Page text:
These days, Carrara turns off the lights in the restaurant during the day and leaves only some air conditioning on in the kitchen overnight so the high humidity doesn't damage the food and refrigerators.

Carrara's story is one example of the challenges facing business owners when it comes to energy conservation. The energy issue is complex, and it's easy to bypass the $20 energy-efficient fluorescent light bulb for the $2 pack of traditional incandescent bulbs. Of course, for some, it's even easier to do nothing at all.

Chandler thinks business owners have to start factoring energy costs into their leasing decisions and making energy efficiency a negotiating tool. "It's going to be incumbent upon small-business owners to take [energy usage] into consideration when they're looking at space and say, 'With all things being equal, how can I work with the owner of this building in terms of energy conservation so it can be a win-win for both of us?'" Chandler says. "But unless small-business owners [bring] this to the forefront of their minds in contemplating a space, it's probably not going to happen anytime soon."

Entrepreneurs who make energy-efficient products, meanwhile, face their own challenges. The production tax credit for wind power has expired three times in recent years. These kinds of stops and starts in the U.S. renewable energy market have slowed adoption of energy-saving alternatives compared to some European countries. "If you've got a booming market in Germany for solar and a struggling market in the U.S., then you're selling product in Germany, and you're frustrated that there's not a better market right here at home," Eckhart says. He predicts healthy sales for solar power this year thanks to a new 30 percent federal tax credit for companies that install solar power by December 2008. "The question is, Does it continue, or because [there is] a two-year sunset on that incentive, does the market crater in two years?"

Meanwhile, as this year's Earth Day comes and goes, entrepreneurs like Chandler ponder the positive impact their growing companies can have on the environment. This year, Tactics plans to join One Percent for the Planet, a group whose members contribute one percent of their annual sales to environmental groups. "That is going to be a big step," Chandler says. "The more companies can think outside of next quarter's earnings, the better it would be not only for the planet, but probably also for [the entrepreneurs] in the long run, whatever company they're building."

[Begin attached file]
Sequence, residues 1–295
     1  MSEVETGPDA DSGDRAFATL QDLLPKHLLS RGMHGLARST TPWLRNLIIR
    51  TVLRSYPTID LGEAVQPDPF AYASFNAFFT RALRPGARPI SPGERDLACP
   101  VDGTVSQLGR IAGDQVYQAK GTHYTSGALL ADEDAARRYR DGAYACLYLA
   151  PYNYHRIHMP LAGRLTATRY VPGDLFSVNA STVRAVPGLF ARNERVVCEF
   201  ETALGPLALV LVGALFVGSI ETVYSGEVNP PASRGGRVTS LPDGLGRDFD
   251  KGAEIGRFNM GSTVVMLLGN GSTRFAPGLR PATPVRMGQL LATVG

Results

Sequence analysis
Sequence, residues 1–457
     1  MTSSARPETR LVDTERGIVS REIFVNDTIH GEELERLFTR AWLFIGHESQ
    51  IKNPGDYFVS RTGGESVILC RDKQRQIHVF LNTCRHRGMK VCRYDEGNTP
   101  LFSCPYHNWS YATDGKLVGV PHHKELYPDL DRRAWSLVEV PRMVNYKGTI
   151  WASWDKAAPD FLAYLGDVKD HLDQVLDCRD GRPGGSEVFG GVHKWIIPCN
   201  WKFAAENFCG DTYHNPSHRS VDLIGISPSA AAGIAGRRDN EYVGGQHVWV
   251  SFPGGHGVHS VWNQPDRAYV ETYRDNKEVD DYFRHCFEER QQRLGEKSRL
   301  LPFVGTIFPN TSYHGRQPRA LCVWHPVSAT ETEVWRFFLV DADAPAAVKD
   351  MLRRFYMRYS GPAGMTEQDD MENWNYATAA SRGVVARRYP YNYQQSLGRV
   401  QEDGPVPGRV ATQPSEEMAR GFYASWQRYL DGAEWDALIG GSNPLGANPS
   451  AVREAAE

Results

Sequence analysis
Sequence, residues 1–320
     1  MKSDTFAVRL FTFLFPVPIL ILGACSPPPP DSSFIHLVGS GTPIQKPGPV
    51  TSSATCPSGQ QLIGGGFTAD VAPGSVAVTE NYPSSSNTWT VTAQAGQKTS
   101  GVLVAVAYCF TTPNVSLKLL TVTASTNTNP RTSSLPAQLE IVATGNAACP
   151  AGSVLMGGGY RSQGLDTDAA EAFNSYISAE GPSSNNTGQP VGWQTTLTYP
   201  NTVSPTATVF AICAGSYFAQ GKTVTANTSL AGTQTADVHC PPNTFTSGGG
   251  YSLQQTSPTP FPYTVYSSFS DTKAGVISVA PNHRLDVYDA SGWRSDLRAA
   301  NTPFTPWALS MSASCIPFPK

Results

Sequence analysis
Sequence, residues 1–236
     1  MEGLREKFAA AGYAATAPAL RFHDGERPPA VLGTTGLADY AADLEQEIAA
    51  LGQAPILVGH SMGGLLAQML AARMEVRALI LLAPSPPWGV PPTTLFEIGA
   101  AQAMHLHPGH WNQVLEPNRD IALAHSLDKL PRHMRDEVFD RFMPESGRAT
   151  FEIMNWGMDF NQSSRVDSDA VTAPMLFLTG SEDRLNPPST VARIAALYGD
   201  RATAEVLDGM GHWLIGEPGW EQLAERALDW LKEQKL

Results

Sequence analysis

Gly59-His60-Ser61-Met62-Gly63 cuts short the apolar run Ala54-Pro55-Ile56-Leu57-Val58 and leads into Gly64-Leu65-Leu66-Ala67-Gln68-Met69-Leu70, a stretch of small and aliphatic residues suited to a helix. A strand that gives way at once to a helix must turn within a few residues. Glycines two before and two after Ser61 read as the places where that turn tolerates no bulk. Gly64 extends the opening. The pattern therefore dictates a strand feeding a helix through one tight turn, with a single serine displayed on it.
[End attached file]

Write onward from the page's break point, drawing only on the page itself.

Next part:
Test Your E-Q
What's your energy quotient? Find out with this quiz.
(Hint: The more you answer "no," the more energy-efficient practices could benefit you.)

  • I know what kind of fluorescent lighting my business has and how efficient it is overall.
  • I read more than the total due on my electrical bill. I want to know what everything means, and I've called my utility when I don't understand a certain item.
  • I've contacted my electrical utility to see if they'll conduct a free energy audit of my company's energy usage.
  • I've asked the owner of my building about a tenant improvement allowance so I can make some efficiency upgrades over the next year.
  • My company has made at least one energy efficiency upgrade in the past 12 months.
  • I look for products that conserve energy and I am willing to spend slightly more for energy-efficient models.
  • It bothers me when people leave equipment running that isn't being used.
  • Energy efficiency is a driving factor in my leasing decisions; I'll only rent a space if the landlord has taken steps toward conservation or offers a tenant allowance for energy efficiency upgrades.
  • I've invested in a programmable thermostat that keeps the temperature constant and automatically turns down the heat or air conditioner overnight.
  • I've posted a company energy usage policy in my workplace that tells employees when to shut off lights and equipment, and how the thermostat should be set. I want my employees to take energy conservation very seriously, and I reward them for their efforts.
Chris Penttila is Entrepreneur's "Smart Moves" columnist